Monitoring Your Diabetes Care At Home

Wearable technology that monitors glucose levels and reports medical data to patients and their physicians has transformed care for patients with Type 1 diabetes. 

“For the last five years, technology such as continuous glucose monitoring (CGM) and insulin pumps has grown to offer patients so much more control over their diabetes management, says Tiffany Yeh, MDassistant professor of clinical medicine and assistant attending physician at NewYork-Presbyterian Hospital   

And COVID-19 has pushed this even more into the spotlight,” Dr. Yeh says,referring to the convenience of obtaining important medical data for telemedicine and Video Visits.”  

These systems allow patients to check their blood-sugar levels 24/7, Dr. Yeh explainsindicating rising and falling glucose, ultimately enabling patients to make decisions about how to adjust their insulin intake.  

Insulin pumps have been shown to decrease the rates of hypoglycemia and hyperglycemia,” Dr. Yeh says. “I can see patterns throughout the day and night and my patients get immediate feedback.” 

Dr. Yeh says that insulin pumpsplaced inside the body to deliver insulin in response to remote-control commands from the user, have become more personalized in the last five years.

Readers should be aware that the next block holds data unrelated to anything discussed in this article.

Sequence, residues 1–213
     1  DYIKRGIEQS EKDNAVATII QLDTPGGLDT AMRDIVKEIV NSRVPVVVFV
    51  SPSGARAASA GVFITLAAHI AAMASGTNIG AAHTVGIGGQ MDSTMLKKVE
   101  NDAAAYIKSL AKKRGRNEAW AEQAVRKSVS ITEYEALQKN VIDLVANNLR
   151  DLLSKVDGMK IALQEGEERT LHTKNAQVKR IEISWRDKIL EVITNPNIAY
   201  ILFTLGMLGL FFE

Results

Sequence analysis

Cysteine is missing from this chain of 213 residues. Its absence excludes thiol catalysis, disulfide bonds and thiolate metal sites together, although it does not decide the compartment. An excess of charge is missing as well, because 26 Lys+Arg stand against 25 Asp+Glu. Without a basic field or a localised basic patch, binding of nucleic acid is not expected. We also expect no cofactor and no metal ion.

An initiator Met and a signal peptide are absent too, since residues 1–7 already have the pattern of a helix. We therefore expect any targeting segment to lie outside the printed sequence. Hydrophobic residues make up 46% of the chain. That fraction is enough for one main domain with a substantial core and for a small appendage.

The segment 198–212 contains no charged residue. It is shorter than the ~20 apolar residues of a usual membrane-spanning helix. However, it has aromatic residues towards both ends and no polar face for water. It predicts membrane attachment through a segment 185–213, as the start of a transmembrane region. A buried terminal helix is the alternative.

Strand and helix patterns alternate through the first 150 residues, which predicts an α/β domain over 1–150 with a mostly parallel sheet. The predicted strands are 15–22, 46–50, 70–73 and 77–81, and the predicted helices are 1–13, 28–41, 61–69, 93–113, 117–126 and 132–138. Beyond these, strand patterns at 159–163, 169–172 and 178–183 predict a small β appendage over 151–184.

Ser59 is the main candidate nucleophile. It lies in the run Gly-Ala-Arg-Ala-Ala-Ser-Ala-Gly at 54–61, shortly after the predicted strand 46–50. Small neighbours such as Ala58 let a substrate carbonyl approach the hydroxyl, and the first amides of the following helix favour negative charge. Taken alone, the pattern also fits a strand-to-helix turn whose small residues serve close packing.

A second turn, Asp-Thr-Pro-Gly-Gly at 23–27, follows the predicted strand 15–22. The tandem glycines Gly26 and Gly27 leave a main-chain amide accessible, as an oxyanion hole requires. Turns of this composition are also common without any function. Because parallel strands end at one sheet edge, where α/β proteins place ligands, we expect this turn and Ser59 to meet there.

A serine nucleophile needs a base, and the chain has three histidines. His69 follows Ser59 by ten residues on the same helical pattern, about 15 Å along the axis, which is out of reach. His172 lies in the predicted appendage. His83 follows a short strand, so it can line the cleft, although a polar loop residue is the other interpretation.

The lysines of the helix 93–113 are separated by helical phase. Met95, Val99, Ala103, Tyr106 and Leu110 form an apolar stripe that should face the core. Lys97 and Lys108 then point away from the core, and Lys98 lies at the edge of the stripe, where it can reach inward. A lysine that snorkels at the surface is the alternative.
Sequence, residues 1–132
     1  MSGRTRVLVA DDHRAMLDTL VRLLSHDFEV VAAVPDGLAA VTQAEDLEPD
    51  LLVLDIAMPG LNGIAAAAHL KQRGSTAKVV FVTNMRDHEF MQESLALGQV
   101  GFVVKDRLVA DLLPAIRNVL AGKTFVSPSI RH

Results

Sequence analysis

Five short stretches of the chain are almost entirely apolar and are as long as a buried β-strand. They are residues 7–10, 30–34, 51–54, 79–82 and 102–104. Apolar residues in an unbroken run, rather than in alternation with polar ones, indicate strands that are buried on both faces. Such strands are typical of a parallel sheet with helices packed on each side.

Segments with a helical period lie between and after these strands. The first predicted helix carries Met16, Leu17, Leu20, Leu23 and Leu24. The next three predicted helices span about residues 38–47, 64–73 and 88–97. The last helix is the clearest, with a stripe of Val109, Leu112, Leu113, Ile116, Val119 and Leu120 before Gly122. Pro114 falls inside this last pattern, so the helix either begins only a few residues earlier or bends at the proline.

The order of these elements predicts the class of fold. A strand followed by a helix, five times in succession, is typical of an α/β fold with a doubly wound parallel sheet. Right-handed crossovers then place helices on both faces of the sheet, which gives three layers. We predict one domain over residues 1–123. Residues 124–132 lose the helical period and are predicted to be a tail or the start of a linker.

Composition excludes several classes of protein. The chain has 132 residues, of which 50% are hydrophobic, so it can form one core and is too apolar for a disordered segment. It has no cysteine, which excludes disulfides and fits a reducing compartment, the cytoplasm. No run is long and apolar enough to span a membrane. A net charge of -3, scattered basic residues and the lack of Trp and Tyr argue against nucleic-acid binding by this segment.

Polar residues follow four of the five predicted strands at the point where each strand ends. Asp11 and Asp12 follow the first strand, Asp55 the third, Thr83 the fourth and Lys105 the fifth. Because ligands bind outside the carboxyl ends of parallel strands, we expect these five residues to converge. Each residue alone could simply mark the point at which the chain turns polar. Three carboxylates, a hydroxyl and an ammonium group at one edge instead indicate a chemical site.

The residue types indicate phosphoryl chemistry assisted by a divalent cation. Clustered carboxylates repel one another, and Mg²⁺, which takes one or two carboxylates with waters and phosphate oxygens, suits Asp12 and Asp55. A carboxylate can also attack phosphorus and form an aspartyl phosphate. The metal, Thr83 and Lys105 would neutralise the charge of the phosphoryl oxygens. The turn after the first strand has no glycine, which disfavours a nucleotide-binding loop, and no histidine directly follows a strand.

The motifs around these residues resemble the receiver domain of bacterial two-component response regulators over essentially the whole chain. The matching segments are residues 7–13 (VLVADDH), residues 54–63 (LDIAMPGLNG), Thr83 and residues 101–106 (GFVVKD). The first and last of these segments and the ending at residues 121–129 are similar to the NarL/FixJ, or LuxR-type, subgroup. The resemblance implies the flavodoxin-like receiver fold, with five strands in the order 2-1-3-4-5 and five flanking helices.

“The devices contain insulin and can give patients a single long-acting dose and a bolus,” she explains, referring to a short-acting dose of insulin that patients take to cover an expected rise in blood glucose, often related to a meal or snack. “This is a much easier way to for patients to get insulin than injections, and some of the pumps have bolus calculators or mini collection boluses to bring down high blood sugar and help avoid user error.”  

Dr. Yeh also discussed emerging “closed loop pumps”—not yet FDA-approved—which communicate between the continuous glucose monitors and adjust insulin dosing based on the numbers and trends on the CGM. This system is a “hybrid,” she explains, because the patient still needs to be actively involved. 

I tell patients that it doesn’t matter how they’re hacking their diabetes devices—as long as they know and understand what their blood sugar is doing, and how to fix a high or low so they don’t get into trouble, that’s what matters,” she says. “This can help give them gain the ultimate management over their lives and their day-to-day care.”

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